Raclin Murphy Museum of Art to open in November



The former Snite Museum of Art will be reborn as the new Raclin Murphy Museum of Art on Nov. 30. Classically designed by the award-winning Robert A. M. Stern Architects, the 70,000-square-foot facility will allow for innovative exhibition strategies and encourage ongoing dialogues with works of art. The November opening will mark the completion of the first phase of the two-part building project. 

The new museum’s location will serve as a gateway to Notre Dame’s expanding arts district, joining the Charles B. Hayes Family Sculpture Park, DeBartolo Performing Arts Center, Matthew and Joyce Walsh Family Hall of Architecture and O’Neill Hall of Music.

“The opening of the Raclin Murphy Museum of Art promises to be a transformational experience for the University as well as the entire region and national arts audiences,” said Joseph Antenucci Becherer, director of the Raclin Murphy Museum of Art. “The storied and celebrated collections have been thoughtfully addressed and reinstalled in a majestic new home where tradition and innovation, the classic and the contemporary meet.”

The state-of-the-art galleries will promote a culture of learning and discovery with reimagined perspectives on the museum’s collections and significant new acquisitions by acclaimed international artists that will be announced in early fall. The museum will present its holdings in fresh ways that will speak to the history of art across the globe while furthering a broader and more diverse understanding of contemporary culture.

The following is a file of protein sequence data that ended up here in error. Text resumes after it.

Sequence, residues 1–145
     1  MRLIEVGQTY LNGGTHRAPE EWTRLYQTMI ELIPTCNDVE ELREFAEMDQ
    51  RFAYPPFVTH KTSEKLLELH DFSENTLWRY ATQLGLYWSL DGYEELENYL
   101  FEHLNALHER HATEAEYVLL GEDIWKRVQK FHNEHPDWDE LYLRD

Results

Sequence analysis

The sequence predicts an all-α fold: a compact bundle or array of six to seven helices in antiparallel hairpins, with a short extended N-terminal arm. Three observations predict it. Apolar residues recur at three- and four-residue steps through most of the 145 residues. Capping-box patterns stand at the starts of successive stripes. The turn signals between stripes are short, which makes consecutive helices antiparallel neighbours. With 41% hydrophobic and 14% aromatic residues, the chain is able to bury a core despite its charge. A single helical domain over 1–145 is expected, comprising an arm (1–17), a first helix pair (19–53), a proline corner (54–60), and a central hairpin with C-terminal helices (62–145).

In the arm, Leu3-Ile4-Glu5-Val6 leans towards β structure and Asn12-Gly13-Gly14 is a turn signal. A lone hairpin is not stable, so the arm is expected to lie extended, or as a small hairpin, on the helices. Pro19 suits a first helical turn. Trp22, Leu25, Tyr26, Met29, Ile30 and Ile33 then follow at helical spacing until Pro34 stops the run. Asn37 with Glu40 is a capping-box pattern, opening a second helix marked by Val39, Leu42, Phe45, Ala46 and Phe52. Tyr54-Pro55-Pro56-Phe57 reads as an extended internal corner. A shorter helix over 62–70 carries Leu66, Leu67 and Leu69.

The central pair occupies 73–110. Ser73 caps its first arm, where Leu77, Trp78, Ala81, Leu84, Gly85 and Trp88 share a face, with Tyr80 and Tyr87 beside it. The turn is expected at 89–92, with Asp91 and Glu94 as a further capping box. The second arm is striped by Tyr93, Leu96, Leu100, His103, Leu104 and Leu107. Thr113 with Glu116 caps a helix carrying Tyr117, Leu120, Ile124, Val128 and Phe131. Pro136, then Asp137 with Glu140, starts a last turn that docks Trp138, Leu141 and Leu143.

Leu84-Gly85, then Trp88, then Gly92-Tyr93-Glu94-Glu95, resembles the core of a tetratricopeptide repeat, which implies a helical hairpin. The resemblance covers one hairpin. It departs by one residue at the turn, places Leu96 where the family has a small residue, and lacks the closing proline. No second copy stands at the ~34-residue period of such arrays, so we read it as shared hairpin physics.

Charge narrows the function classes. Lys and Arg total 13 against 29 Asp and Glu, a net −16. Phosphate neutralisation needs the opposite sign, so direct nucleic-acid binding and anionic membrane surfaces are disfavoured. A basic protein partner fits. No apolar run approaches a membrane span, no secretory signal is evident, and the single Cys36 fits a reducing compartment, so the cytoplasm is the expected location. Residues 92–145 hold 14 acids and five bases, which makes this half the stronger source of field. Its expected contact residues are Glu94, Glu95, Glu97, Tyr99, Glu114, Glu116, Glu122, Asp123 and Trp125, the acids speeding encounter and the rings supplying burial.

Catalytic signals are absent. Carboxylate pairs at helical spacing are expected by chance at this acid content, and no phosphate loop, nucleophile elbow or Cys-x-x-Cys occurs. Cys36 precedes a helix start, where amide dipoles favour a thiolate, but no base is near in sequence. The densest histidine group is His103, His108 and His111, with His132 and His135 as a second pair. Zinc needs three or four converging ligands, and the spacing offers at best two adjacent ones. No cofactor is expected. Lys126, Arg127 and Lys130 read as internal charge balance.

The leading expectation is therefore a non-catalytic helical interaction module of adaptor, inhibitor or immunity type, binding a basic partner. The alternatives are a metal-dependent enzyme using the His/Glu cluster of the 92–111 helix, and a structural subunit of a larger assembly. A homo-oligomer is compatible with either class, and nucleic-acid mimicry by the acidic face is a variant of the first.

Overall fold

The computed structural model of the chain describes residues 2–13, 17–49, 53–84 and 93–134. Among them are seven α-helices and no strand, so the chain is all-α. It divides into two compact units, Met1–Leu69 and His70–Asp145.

“Great art has through the ages expressed what is highest in human experience, provided insights and offered a pathway to the divine,” University President Rev. John I. Jenkins, C.S.C., said. “The Raclin Murphy Museum of Art brings to our campus and to our region a home for great works of art that will inspire, instruct, challenge and lead us to God.”

Raclin Murphy’s historically thematic galleries unfold around a multi-level atrium that rises to a central skylight. On the main level, visitors will experience the theme of “Time: Nature” through European and American art created between 1700 and 1900 and encounter a diverse collection of African art dating from 2000 B.C. to the present day. Additional highlights of the main level include decorative arts, a teaching gallery, learning commons for K-12 audiences and families, a cafe and a bookshop. 

An important feature is a suite of galleries devoted to the Indigenous Art of the Americas. The Mesoamerican collection is one of the museum’s flagship holdings. Among the strongest collection of objects from the Formative period (1800 B.C. to A.D. 200) in the United States, it features works by Olmec, Tlatilco, Chupícuaro and West Mexican artists, significant pieces by Teotihuacano and Maya artists, and contemporary artists who draw inspiration from ancient cultures to emphasize the impact of the past on today’s world. The Native North American gallery highlights historic and contemporary voices and visions.

The galleries continue on the second level and feature art from Europe and the Spanish Americas from the 14th through 17th centuries organized around the theme of “Spirit: Matter.” Surrounding a chapel named Mary, Queen of Families, the galleries are divided into four sections: worship (public and private devotion), tenets of Christian faith, morality and evangelization. Vincenzo Spisanelli’s monumental canvas “Noli Me Tangere” (1640), the only example of the artist’s work in a public collection in the United States, is the centerpiece of the tenets of Christian faith gallery.